0 Likes

Tatsukushi Coast Sunset
Japan

Tatsukushi is a coast with strange rocks, and is located to the west of central Tosa-Shimizu city.

And it is located about 20 km west-northwest of Cape Ashizuri.

Around this coast, sandstone and mudstone has been deposit alternating layers.
And erosion by waves has created the strange and unique rocks.
Especially "Ootake-kotake" (means "Large and small bamboos") are the symbolic rocks in Tatsukushi coast, and they look like big bamboos.
Along the coast, a walking trail is set up.

Ref: http://www.travel-around-japan.com/k83-07-tatsukushi.html

View More »

Copyright: Thomas humeau
Type: Spherical
Resolution: 7664x3832
Uploaded: 06/02/2011
Updated: 23/09/2014
Views:

...


Tags: tatsukushi; coast; sunset; geology; geological; site; shikoku; kochi; japan
comments powered by Disqus

Thomas Humeau
Tatsukushi Coast Sunset
Thomas Humeau
Tatsukushi Coast Sunset
michinari yoshikawa
My favorite barber
michinari yoshikawa
Uwajima-castle & cherry blossom
michinari yoshikawa
uwajima_tensyaen_park
michinari yoshikawa
Uwajima castle ,
michinari yoshikawa
This is a building of traditional style shop in Japan.
Thomas Humeau
From Sakamoto Ryoma Memorial's Roof
Thomas Humeau
Katsurahama Ryo Cape and Watatsumi shrine
Thomas Humeau
Katsurahama Ryo Cape and Watatsumi shrine
Thomas Humeau
Katsurahama Beach and ryo cape watatsumi shrine
Yoshinori Akiyama
坂本龍馬像
Assaf Spiegler
Edradour Distillery
dieter kik
Festival du Potiron Roudouallec Morbihan
Hrvoje Mikolčević
Jankovac
kmnet
horseshoe North temple grotto
Willy Kaemena
Caboose Outdoor Platform
Mario Carvajal
Parque Nacional Natural Los Flamencos
Jeff Scholl
Above Whitefish Lake, Montana in the summer
Abdullah Al Hazza
Qwumad Lake Arquiya Buraydah
dieter kik
manif place de la Resistance 20101016 Quimper
Olavur Frederiksen www.faroephoto.com
Kaldbak Church
dieter kik
Manif place de la Resistance Quimper
Mario Carvajal
Parque Nacional Natural Los Flamencos
Thomas Humeau
Laguna of Quilotoa, Ecuador
Thomas Humeau
Tourtour
Thomas Humeau
National Library of the Argentine Republic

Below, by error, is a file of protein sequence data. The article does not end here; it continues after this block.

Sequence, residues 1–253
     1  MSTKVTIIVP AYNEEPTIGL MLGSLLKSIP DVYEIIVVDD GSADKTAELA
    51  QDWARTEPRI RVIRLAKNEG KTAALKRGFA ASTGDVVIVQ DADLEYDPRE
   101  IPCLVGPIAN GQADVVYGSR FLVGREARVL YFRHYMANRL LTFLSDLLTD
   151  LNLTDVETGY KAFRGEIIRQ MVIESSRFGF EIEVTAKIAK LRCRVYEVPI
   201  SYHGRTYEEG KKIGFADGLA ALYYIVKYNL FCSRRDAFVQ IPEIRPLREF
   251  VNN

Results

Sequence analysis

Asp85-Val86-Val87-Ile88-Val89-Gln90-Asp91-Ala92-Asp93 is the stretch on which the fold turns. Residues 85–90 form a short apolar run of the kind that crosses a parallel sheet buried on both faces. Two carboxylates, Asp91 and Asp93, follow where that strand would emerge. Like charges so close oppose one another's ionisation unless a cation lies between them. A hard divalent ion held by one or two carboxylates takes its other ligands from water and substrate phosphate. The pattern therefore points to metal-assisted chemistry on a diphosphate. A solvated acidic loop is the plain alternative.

Thomas Humeau
Uganzaki cape in Ishigaki island, Okinawa, Japan
Thomas Humeau
Miura Peninsula
Thomas Humeau
Verdon Canyon (Gorges du Verdon)
Thomas Humeau
Historic Village of Shirakawa-gō
Thomas Humeau
Convento de San Francisco, Lima, Peru
Thomas Humeau
Amsterdam Canals
Thomas Humeau
Place du Panthéon, Paris
Thomas Humeau
Pano 2012 03 Buenosaires Recoleta 6
Thomas Humeau
Dunes in Bretignolles with kite riders
More About Japan

The eight islands of Japan sprang into existence through Divine Intervention.The first two gods who came into existence were Izanagi no Mikoto and Izanami no Mikoto, the Exalted Male and Exalted Female. It was their job to make the land for people to live on.They went to the bridge between heaven and earth and, using a jewel-encrusted halberd, Izanagi and Izanami churned up the sea into a frothy foam. As salty drips of water fell from the tip of the halberd the first island was formed. Its name was Onogoro.So far, so good. But when Izanagi and Izanami first met on their island, Izanami spoke to Isanagi without being spoken to first. Since she was the female, and this was improper, their first union created badly-formed offspring who were sent off into the sea in boats.The next time they met, Izanagi was sure to speak first, ensuring the proper rules were followed, and this time they produced eight children, which became the islands of Japan.I'm sure you did not fail to miss the significance of this myth for the establishment of Japanese formal society.At present, Japan is the financial capital of Asia. It has the second largest economy in the world and the largest metropolitan area (Tokyo.)Technically there are three thousand islands making up the Japanese archipelago. Izanagi and Izanami must have been busy little devils with their jewelled halberd...Japan's culture is highly technical and organized. Everything sparkles and swooshes on silent, miniaturized mechanisms.They're a world leader in robotics, and the Japanese have the longest life-expectancy on earth.Text by Steve Smith.